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Words Matter

Applied linguist Emily Rine Butler explains why they do.

Ever stop to think about how conversation happens? Why something sounds rude? Why “waiter” and “waitress” are words but “server” and “servress” are not? Dr. Emily Rine Butler is an applied linguist, and she has answers. “Applied linguistics is taking this idea of language and applying its structure, meaning, and context to real-world problems,” she explains.

Butler, who is a senior lecturer in the William and Grace Dial Center for Written and Oral Communication and affiliate faculty in the Department of Linguistics, says she loves her field. She gives talks on effective communication, conducts research on conversation dynamics in health-related fields, and teaches students how language creates identity, reflects and affirms social norms and power structures, and shapes social dynamics.

Butler is a discourse analyst and conversation analyst. "We work with the structure of language, the minutiae of everyday conversations, rules and intricacies. How do you know who gets to take the next turn?" she asks. "We create that in the conversation without having to explain it. So, how do we know the social rules? I love getting to introduce students to that,” she continues. "It’s not that students are ignorant to it, they haven’t thought about it, then they begin to see it more."

“As linguists, we geek out and say all studies are languages studies in some way, because as humans, it’s the primary way we communicate,” says Butler. She gives a crash course below:

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Naming and Titles: Beyond academic or professional titles such as “Doctor” and “Professor,” men have one title option, “Mister,” while women typically have two, “Missus” or “Miss.” While many have pushed for more neutral terms, such as “Miz,” and an even-more-gender-neutral version, “Mx,” no matter what a woman chooses to go by, information is revealed —usually related to her marital status.

Lexical Asymmetry: Lexical inequality plays out in a lot of different and interesting ways. In the case of lexical asymmetry, some words are meant to refer to equivalent positions, but are not actually used in the same way. The asymmetry usually goes in one direction, with the female role being more negatively judged. For example, “master” versus “mistress”, or “bachelor” versus “spinster". In the case of marked terms, a particular word is considered “marked” when it has a seemingly “neutral” or generic counterpart, although the “neutral” term is usually male. So there is tennis and “women’s tennis." As a counter example, you may see “nurse” and “male nurse”.

Meaning-Making and Connotation

Denotation is a word’s actual meaning, but connotation is all the sociocultural meaning wrapped into it. Consider the following pairs of words. Each word in the pair denotes something very similar, but some have more of a negative connotation:

slender — skinny

curvy — fat

thrifty — cheap

clever — shrewd

plain — boring

protest — mob

club — gang

eccentric — weirdo

unstable — insane

ambitious — greedy

self-confident — arrogant

dignified — snobby

curious — nosy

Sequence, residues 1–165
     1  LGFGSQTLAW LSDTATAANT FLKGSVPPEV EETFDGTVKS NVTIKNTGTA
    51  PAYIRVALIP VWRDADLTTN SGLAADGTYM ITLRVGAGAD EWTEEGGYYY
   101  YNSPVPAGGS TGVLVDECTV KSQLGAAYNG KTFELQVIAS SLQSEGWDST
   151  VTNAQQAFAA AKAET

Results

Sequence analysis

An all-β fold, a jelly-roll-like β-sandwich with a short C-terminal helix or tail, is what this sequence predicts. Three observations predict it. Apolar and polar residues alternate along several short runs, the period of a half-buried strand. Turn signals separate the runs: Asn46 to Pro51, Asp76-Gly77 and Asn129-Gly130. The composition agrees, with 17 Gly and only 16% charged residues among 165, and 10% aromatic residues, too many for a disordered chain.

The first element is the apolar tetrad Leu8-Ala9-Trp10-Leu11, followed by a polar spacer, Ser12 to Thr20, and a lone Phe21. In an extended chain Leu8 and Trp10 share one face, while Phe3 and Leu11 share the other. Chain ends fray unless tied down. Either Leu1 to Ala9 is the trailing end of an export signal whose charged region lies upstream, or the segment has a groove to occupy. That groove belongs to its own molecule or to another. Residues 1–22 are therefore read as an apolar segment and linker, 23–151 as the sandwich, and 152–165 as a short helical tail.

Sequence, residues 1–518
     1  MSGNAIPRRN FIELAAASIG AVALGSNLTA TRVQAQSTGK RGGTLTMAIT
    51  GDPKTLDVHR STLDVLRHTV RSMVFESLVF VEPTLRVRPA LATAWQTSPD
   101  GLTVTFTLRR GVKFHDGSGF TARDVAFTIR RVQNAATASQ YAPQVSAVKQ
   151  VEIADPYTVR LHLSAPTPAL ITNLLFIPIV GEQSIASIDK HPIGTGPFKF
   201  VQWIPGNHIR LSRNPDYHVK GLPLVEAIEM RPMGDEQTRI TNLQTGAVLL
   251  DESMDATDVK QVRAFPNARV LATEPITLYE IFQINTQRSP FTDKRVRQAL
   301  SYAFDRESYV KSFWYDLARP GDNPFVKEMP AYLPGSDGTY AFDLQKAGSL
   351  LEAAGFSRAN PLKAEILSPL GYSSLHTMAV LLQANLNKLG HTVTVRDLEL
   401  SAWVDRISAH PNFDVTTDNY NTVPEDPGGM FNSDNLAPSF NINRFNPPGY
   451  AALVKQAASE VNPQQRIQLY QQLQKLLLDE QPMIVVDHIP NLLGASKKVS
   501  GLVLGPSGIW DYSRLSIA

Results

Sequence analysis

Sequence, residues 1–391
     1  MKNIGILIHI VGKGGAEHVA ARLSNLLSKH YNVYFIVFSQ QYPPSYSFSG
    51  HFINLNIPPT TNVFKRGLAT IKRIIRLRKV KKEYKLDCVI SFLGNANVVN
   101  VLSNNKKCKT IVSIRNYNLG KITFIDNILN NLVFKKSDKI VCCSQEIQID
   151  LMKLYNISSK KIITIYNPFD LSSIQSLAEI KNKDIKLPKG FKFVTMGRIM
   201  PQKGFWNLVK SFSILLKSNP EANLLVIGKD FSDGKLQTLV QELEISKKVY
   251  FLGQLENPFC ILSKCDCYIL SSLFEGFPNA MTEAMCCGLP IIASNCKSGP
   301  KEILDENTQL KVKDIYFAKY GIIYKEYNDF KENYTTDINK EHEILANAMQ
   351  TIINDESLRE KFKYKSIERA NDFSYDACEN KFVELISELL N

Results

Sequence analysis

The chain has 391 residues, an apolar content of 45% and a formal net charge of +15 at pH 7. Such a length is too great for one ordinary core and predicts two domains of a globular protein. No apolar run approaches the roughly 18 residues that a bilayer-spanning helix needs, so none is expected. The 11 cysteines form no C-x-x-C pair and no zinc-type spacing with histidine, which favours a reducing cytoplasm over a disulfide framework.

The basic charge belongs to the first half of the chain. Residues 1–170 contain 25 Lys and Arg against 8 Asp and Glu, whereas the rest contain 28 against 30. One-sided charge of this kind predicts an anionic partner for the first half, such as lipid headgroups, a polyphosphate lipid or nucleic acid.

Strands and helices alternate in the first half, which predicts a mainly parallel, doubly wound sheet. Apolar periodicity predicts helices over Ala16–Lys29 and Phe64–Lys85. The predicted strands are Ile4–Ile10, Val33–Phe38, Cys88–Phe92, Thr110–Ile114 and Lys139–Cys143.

Conversation Pacing and Turn-Taking

How people use silence: Anything over 0.2 seconds of silence, people tend to note as a pause, and they look for you to account for that, so if you are coming from a culture that values silence, and you’re interacting with someone who’s not, where people want to fill the silence, you have this mismatch.

dr. Butler's pop culture picks

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“You have to find that connection to the outside world,” Butler says. She frequently uses scenes from movies and TV shows to illustrate to students. Some examples:

Key & Peele: They do a lot with regard to expectations for pitch and voice and race or gender and what people expect; if you don’t use words in a particular way, you are thought about as less than. We do this with women, e.g. fry (a hoarse vocalization such as Lindsey Lohan’s), breathiness (such as Scarlett Johannson’s), uptalk (raising one’s pitch at the end of a sentence, such as the “Valley Girl” voice).

Rocky IV: This entire movie is a metaphor for U.S.–Russia relations; we talk about politics through great myths, and at the time the movie came out it was designed to illustrate American moral superiority over Soviet Communism. The training montage alone illustrates the values Americans hold dear by showing Rocky training in the snow with old farm equipment, while the Russian has the fanciest equipment and steroids. It speakers to larger myths that we imbue in sports in Americana.

Mean Girls: In the scene where she says, “You can’t sit with us,” she’s creating social rules through the speech acts. There’s also the idea of fake compliments, like when she compliments her classmate’s sweater, then turns to her friends and says it’s the ugliest thing she’s ever seen. So compliments have a function, even if they’re fake. Everything is contextual.

dr. butler's courses

SPC 2608: Introduction to Public Speaking (Honors section)

COM 4930/LIN 4930: Language and Power

COM 4930/LIN 4930: Language and Social Interaction

SPC 2300: Interpersonal Communication

Interested in learning more? The Dial Center offers a minor in Communication Studies — the third largest minor in the college!

Butler also is actively involved in a number of campus organizations and activities, including reading the names at graduation. “Because I’m an academic, I don’t get to do as much, but I believe that if you are granted skills in something, you can give back,” she says. “I can teach how students how this is done, how to advocate for yourself — how to use language to empower yourself.”

Footnote: Story by and content curated by Rachel Wayne.